I had a few hours to spare on Saturday, so I returned to the bike trails at Greenbo.  While I was setting up the bike, two fellows pulled up also with bikes on their cars.  We struck up a conversation, they were looking for some direction about where the trails started from and ended, so we ended up biking together for the day.  Harold and Dennis had driven from Huntington West Virginia and enjoyed trail biking for fitness and weight loss, something we had in common.  We ended up biking 7 miles that covered a wide range of trail terrain, starting with the lakeshore trails then going into the old farmland that lies in the backside of the park, then up on the ridge for a good amount of ridge top riding.  It was a great day to be in the woods and to make new friends.

Earlier in the week, I had met Michael Boyes on the trail.  He had been having good luck with Canon point-and-shoot cameras while riding, so I went through the box of old camera gear and resurrected one of the older Fuji cameras that I used to have fair luck with.  Not a good camera to shoot while riding but it made a few nice photos today while I was stopped, much better than my mobile phone.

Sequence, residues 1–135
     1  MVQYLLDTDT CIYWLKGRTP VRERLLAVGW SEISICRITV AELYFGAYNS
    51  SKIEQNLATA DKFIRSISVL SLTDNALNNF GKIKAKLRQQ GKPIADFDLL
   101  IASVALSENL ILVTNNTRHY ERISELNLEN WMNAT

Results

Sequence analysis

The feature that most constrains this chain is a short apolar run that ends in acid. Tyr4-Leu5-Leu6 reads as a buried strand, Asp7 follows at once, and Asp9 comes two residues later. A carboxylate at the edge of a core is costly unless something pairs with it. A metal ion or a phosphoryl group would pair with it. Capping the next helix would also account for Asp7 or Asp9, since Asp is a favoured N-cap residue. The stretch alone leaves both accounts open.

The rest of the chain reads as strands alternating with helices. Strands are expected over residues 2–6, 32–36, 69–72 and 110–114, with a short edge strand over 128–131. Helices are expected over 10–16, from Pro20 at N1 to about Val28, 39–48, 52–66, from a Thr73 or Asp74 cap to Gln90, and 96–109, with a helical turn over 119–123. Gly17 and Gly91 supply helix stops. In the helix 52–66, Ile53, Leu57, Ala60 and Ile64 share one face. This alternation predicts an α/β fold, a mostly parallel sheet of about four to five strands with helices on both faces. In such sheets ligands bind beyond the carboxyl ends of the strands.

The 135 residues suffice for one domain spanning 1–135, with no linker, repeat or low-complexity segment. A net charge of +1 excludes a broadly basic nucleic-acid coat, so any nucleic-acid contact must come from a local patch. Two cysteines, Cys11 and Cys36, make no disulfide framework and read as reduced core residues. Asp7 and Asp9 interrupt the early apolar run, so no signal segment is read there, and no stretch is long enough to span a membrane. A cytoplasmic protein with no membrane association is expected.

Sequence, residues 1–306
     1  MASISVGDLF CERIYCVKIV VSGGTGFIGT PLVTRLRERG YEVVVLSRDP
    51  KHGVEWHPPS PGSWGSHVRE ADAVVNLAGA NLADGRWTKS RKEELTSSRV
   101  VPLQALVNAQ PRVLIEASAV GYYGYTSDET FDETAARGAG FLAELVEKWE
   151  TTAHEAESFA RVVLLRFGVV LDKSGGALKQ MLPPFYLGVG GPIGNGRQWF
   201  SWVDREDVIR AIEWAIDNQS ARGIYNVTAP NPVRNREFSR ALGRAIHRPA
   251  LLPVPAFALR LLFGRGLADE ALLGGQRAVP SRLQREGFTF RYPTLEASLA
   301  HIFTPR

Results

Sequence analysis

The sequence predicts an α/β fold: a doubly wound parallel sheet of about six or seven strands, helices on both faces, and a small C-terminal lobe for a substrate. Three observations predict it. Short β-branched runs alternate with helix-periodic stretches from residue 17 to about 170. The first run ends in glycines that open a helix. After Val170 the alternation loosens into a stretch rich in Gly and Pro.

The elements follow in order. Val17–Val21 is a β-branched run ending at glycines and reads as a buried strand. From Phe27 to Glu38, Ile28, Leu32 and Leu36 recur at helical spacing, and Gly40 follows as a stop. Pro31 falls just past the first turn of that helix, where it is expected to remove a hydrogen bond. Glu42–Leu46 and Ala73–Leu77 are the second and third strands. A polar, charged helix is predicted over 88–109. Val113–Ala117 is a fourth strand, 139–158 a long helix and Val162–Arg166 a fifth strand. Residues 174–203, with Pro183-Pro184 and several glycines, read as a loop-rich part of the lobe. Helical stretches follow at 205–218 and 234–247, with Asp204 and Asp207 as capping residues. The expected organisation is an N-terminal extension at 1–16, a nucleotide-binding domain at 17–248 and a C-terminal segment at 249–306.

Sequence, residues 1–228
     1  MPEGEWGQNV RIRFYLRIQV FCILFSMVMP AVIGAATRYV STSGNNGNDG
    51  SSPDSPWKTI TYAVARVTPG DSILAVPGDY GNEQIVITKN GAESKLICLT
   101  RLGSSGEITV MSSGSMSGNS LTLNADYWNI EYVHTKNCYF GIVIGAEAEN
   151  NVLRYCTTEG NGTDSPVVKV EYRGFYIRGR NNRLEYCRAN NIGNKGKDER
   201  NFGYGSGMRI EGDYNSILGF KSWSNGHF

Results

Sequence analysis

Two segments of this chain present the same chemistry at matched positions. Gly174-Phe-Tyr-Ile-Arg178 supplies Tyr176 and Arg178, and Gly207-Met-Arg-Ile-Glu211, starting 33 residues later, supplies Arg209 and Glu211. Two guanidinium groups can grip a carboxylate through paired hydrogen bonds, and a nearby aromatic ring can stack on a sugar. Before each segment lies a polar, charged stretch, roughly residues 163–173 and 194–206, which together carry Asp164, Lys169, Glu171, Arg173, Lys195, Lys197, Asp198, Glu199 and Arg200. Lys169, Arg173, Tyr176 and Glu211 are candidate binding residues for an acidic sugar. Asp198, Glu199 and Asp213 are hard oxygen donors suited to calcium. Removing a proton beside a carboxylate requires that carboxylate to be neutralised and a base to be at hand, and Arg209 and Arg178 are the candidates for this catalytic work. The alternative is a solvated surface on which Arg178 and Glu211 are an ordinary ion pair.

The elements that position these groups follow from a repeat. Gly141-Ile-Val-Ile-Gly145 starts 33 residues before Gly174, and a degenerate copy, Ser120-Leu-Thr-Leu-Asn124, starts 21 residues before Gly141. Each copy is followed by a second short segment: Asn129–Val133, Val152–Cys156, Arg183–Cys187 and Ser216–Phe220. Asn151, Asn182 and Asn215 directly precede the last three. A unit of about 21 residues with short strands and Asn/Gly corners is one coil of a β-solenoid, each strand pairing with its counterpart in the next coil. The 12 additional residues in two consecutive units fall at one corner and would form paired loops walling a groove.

Biking at Greenbo, November 2014

Biking at Greenbo, November 2014

Spent part of Tuesday on the trails at Greenbo with the bike. Trails are in great shape, had a lot of fun exercise. When I was 14 years old, my mother used to drop me off with friends and we would bush-whack with topo maps, I don’t think she realized the park was 3500 acres with very few trails. Now the network of hiking, biking, and horse trails are really nice and a treasure for our area.  Since I was alone Tuesday, I stopped quite a lot not only to rest but to admire the deep hollows and rolling ridges of the park, November is a great time to be in the woods.

 

 

Bike racer sprinting

Bike racer sprinting

Huntington, West Virginia

At a recent bike race downtown, two racers sprint along the straight stretch at Pullman Square.  With the following quote, just replace the word “bikes” with “camera lenses” and you’ll get the idea of how it is in our household.

 

The correct number of bikes to own is N + 1

While the minimum number of bikes one should own
is three, the correct number is n + 1, where n is the
number of bikes currently owned. This equation may
also be re-written as s-1, where s is the number
of bikes owned that would result in separation
from your partner.”